Calif butcher dis­plays anti-meat sign

Kuwait Times - - ANALYSIS -

It was per­haps only a mat­ter of time in ul­tra-pro­gres­sive Cal­i­for­nia, but a lux­ury butcher’s shop is sur­pris­ing pa­trons with a sign warn­ing about the cru­elty of eat­ing meat. “At­ten­tion: An­i­mals’ lives are their right. Killing them is vi­o­lent and un­just, no mat­ter how it’s done,” reads the no­tice greet­ing pa­trons of The Lo­cal Butcher Shop in Berke­ley. The busi­ness stuck the sign in its win­dow as part of a “peace treaty” with an­i­mal rights ac­tivists in the left-lean­ing univer­sity town who have been pick­et­ing the store for the last four months.

Every Sun­day as it opened for butch­ery lessons, it was be­sieged by demon­stra­tors from rights group Di­rect Ac­tion Ev­ery­where (DXE) - some­times naked, drip­ping with fake blood and wrapped in cel­lo­phane. Mon­ica Rocchino, co-owner of The Lo­cal Butcher Shop with her hus­band Aaron, was at her wits’ end and de­cided to meet with the ac­tivists. “They said they wanted Berke­ley to be­come a meat-free city and they were ready to shut down our busi­ness,” said Mon­ica. “We asked for ac­tions we could do. And they said they’d think about it, but they kept protest­ing for 10 weeks. They made our neigh­bors mad, our neigh­bor­hood busi­nesses were los­ing cus­tomers.” Fi­nally, DXE laid down its con­di­tions for bury­ing the hatchet.

Ideal meat

“Ei­ther we had to be­come a ve­gan butch­ery or we had to stop giv­ing these classes, or put up a sign say­ing that an­i­mals have rights,” Mon­ica told AFP. She says the sign hasn’t im­pacted cus­tom. “We go to great lengths to make sure our meat is from lo­cal ranches, is raised as hu­manely as pos­si­ble, free of an­tibi­otics. We want... this to be the ideal meat. Our cus­tomers know this and sup­port us.” She ac­knowl­edges, how­ever that the sign will not pla­cate DXE, for whom the is­sue is black-and-white. “For them, you kill an­i­mals or you don’t. I un­der­stand that be­lief but it’s an­other thing to force your ideas on other peo­ple,” says Mon­ica.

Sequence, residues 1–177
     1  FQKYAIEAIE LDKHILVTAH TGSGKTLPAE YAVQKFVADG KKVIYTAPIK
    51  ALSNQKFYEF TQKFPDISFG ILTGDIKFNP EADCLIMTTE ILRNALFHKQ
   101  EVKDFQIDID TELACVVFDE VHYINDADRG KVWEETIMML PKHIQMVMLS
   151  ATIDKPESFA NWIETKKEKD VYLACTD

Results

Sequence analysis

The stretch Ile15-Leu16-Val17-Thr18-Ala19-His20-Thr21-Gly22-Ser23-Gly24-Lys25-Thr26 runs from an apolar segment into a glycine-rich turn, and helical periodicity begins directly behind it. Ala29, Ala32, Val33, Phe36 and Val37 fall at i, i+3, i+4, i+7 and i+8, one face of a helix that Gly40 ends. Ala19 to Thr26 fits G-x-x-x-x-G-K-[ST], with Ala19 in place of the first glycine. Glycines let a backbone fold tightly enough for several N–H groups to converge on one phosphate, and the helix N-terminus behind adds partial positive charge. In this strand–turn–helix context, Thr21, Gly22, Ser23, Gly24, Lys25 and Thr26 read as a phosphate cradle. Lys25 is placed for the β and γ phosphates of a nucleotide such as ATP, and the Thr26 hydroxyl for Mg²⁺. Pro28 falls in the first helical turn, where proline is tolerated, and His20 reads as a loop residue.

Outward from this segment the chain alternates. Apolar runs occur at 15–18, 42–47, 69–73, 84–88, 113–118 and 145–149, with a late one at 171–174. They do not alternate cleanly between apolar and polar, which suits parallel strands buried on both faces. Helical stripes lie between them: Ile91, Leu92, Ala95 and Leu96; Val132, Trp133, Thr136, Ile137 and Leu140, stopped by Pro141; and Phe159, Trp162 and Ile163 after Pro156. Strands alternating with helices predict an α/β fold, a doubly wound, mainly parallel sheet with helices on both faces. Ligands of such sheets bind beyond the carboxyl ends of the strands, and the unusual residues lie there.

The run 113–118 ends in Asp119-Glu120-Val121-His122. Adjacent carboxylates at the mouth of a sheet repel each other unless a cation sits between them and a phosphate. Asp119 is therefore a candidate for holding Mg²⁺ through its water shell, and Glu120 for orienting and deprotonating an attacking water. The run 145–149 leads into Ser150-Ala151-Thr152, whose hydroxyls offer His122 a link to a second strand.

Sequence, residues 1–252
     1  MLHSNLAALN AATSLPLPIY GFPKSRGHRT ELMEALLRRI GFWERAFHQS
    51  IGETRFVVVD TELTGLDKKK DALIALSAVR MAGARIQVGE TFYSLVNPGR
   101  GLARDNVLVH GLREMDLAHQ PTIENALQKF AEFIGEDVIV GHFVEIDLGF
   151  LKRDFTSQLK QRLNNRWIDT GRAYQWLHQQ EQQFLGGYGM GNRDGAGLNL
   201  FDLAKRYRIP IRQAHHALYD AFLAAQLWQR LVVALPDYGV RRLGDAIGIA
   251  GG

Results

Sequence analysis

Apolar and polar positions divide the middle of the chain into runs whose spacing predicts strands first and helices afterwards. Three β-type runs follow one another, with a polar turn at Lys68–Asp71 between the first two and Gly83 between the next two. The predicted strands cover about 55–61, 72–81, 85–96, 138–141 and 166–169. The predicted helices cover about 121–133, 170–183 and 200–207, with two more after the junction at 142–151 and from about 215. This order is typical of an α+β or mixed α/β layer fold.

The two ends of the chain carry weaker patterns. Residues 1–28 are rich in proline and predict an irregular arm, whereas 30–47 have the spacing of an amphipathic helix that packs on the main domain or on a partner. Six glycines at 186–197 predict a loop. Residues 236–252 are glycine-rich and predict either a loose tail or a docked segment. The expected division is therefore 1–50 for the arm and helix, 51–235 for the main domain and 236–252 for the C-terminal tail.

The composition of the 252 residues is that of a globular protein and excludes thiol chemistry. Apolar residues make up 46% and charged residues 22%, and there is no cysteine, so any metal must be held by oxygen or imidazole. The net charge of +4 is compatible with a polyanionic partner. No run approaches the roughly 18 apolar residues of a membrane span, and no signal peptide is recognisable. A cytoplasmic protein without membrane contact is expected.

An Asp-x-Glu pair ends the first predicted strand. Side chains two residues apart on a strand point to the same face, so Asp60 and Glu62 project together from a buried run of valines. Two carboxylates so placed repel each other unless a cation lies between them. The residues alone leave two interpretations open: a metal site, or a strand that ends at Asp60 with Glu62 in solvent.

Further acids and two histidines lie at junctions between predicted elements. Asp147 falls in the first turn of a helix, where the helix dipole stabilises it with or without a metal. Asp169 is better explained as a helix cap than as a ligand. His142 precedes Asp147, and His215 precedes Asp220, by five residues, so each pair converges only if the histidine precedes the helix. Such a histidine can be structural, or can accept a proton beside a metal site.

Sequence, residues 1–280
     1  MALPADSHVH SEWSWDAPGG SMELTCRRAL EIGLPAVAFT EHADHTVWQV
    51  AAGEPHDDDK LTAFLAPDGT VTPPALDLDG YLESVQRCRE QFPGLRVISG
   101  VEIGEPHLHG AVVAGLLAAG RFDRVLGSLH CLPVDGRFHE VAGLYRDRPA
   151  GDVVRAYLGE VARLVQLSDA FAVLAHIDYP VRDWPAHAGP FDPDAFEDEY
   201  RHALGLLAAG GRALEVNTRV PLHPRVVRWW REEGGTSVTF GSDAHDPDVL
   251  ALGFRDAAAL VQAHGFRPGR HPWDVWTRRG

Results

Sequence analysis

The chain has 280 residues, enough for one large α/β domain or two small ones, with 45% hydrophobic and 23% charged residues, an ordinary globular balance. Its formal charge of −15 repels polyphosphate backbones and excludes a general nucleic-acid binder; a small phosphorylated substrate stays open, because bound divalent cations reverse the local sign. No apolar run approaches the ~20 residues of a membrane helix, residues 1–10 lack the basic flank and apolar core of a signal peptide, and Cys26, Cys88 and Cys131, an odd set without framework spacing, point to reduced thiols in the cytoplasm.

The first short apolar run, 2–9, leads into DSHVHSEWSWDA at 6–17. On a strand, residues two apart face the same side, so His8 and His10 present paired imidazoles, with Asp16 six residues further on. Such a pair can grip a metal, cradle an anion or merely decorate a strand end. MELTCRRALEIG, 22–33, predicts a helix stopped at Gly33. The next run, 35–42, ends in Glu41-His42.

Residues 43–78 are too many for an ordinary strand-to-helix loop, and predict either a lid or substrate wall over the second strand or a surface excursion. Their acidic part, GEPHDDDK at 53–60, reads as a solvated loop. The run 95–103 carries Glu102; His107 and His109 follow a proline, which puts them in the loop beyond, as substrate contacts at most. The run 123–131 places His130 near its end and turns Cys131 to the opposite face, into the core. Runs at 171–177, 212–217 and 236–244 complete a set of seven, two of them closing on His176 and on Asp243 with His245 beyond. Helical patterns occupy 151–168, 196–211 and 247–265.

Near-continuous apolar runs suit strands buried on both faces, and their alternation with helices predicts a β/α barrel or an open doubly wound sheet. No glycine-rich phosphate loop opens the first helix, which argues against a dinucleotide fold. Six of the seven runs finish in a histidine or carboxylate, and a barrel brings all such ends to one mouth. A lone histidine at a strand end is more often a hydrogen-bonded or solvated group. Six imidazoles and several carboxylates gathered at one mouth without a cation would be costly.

Berke­ley, the cra­dle of the US uni­ver­si­ties’ free speech move­ment, has been the scene of reg­u­lar demon­stra­tions from the days of the anti-Viet­nam War cam­paign to re­cent protests against vis­it­ing right-wing speak­ers. Re­cently it has been crit­i­cized for chill­ing free speech af­ter can­cel­ing an ap­pear­ances by fire­brand pun­dit Ann Coul­ter and right-wing provo­ca­teur and former Bri­et­bart edi­tor Milo Yiannopou­los.

Berke­ley also hap­pens to be the epi­cen­ter of Amer­ica’s or­ganic food in­dus­try, its rep­u­ta­tion for be­ing green sent up in the TV se­ries “Port­landia,” in which restau­ra­teurs pro­vide pho­to­graphic ev­i­dence that their meat is from eth­i­cally-raised an­i­mals. DXE or­ga­nizer Matt John­son says one of the group’s ac­tivists felt his blood chill as he saw “an advertisement for these cour­ses where peo­ple are taught how to prop­erly dis­mem­ber the body of an an­i­mal.”

In line with the bet­ter-known Peta an­i­mal wel­fare as­so­ci­a­tion, DXE di­rects its protests “ev­ery­where where vi­o­lence against an­i­mals is nor­mal­ized - rodeo, cir­cuses, restau­rants, the butch­ers”. “We dont have any ill will against any in­di­vid­ual, no hate for butch­ers - only love for an­i­mals,” says John­son. “But we can­not ac­cept small busi­nesses mis­lead­ing peo­ple, say­ing this is just fine, to be pro­mot­ing a bet­ter brand of vi­o­lence.” — AFP

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